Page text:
JUST KIDDING. This touchy-feely sharing stuff has to end somewhere, right? The rewards are Amazon gift certificates, and they're yours to hoard or spend in any way you like. The "How it Works" page provides details on how you get rewards points, and the "Redeeming Points" page explains how you can use them.

So what are you waiting for? I know you have little tidbits lying around that make you a better developer. You might as well share them and earn some free stuff, right? Also, keep an eye on the SDN Share Blog for more information on the program.

Friday Mar 16, 2007

Product Quality Heatmaps

Read/WriteWeb has an interesting look at heatmap visualizations. In particular, they focus on Summize, a site specializing in product reviews.

Summize allows users to vote on the quality of products. What's new and interesting is how they present those voting results--with heatmaps. Here is an example:

The colored stripe is a heatmap showing what percentage of users think the iPod Nano is great (the green: 44%), what percentage think it's wretched (the red: 12%), and those in between (the orange, yellow, and yellowish green). One nice thing about this visualization is that it works well even when the heatmap image is small. So, for example, they use a scaled-down version of the stripe next to each item in search results.

The end result is a nice way to see and understand a lot of information packed into a small space--the very definition of a good visualization.

Tuesday Mar 06, 2007

Is NoFollow Misnamed or Not?

Conventional wisdom is that the rel="nofollow" mechanism is misnamed. As the current version of the NoFollow Wikipedia article says:

rel="nofollow" actually tells a search engine "Don't score this link" rather than "Don't follow this link." This differs from the meaning of nofollow as used within a robots meta tag, which does tell a search engine: "Do not follow any of the hyperlinks in the body of this document."

But... Recently Matt Cutts (a Google specialist in SEO issues) has contradicted that. Specifically, a forum participant asked:

...does nofollow really prevent Google from crawling a page?
And Matt responded:
...if a page would have been found anyway via other links, it doesn't prevent crawling of that page. But I believe that if the only link to a page is a nofollow link, Google won't follow that link to the destination page.

So he's saying that rel="nofollow" really does mean "don't follow" (at least to Google), and that the conventional wisdom (and Wikipedia article) are wrong?

Is that right? It'd be nice to have a definitive answer, given the "I believe" opening in Matt's statement.

Friday Mar 02, 2007

NoFollow Considered Harmful?

I've noticed a fair number of people recently calling the rel="nofollow" mechanism a failure and calling for its end. Loren Baker is one such voice, with a post called "13 Reasons Why NoFollow Tags Suck". Andy Beal is another, with a post entitled "Google’s Lasnik Wishes 'NoFollow Didn’t Exist'".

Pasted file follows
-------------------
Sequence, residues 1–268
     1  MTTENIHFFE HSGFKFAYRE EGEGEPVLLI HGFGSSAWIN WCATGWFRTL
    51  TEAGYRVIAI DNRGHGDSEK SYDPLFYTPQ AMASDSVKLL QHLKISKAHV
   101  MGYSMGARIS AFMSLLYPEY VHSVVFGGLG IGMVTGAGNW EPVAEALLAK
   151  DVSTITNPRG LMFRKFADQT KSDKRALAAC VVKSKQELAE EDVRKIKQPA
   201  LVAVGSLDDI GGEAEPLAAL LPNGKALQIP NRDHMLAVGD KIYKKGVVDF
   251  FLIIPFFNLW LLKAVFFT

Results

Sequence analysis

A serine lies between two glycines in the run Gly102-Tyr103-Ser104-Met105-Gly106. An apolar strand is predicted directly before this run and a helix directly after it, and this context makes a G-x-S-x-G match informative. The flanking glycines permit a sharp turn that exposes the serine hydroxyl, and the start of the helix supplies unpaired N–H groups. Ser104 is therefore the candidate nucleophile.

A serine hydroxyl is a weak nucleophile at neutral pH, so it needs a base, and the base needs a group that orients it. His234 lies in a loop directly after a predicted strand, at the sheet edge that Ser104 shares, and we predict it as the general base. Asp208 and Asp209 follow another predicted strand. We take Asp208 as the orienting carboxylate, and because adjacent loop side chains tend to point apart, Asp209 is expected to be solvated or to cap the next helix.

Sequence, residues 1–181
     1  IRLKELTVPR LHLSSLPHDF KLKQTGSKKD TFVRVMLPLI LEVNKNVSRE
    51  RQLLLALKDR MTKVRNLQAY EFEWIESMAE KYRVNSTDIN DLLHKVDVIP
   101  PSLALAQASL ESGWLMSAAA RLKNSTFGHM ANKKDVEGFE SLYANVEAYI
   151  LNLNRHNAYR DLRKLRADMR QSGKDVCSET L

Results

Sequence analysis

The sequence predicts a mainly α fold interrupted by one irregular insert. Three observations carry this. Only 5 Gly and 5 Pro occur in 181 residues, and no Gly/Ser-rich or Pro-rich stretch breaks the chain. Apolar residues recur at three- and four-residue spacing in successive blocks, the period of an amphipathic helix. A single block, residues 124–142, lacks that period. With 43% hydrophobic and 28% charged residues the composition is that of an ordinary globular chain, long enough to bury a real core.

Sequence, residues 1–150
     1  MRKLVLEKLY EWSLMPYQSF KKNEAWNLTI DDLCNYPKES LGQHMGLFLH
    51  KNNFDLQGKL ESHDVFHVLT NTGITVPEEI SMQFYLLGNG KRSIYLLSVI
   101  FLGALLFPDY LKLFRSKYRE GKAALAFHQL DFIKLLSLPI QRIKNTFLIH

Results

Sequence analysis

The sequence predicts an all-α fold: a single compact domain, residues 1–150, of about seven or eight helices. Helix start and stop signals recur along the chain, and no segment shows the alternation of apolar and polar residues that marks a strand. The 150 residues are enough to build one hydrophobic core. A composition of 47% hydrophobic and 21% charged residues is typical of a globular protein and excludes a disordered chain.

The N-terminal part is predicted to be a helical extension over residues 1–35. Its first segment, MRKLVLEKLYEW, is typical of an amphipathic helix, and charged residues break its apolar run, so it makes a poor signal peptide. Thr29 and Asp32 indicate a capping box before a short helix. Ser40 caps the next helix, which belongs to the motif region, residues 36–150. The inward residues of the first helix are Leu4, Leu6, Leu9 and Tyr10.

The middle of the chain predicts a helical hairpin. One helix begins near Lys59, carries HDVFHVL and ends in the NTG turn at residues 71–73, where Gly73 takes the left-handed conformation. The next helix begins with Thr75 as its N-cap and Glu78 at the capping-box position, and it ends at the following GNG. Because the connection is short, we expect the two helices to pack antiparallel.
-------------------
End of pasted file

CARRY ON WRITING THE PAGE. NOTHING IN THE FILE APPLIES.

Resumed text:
I'm on the opposite side of this argument. As I mentioned a while back, I think that web pages need even more control over the "voting intent" of hyperlinks. So instead of sending NoFollow to its grave, I'd like to see it extended (though probably with a new name and format, such as the Vote Links microformat).

I don't want to re-hash that discussion today. Instead, I want to examine the most prominent argument from the anti-NoFollow crowd: that it just doesn't work. Comment spam has increased in blogs since the time when NoFollow was introduced. Because of that, these people argue that NoFollow is an outright failure and isn't needed in the first place because any good blogger is vigilant in moderating comments.

Again, I disagree. Of course comment spam has increased. Blogging and spamming both have little barrier to entry and high growth. It was inevitable that comment spam would increase, even if the benefit to the spammer for each instance was reduced (which NoFollow ensures, by eliminating any PageRank bonus). But that growth alone doesn't mean that NoFollow is a failure. If a disease grows, do we assume that all related medical treatments and research are failures and should be stopped?

Comment spam would be even worse if the NoFollow mechanism didn't exist. Its practitioners would be multiplied because every shady marketing guide around would be touting "amazing benefits" of using blog comments to increase one's standing in Google.

Even if I'm wrong and NoFollow has done nothing to reduce comment spam, at least it has protected the quality of search results. Google isn't the only one with a vested interest in maintaining quality search results. We would all suffer if we had to go back to the "bad old days" of low-quality web search.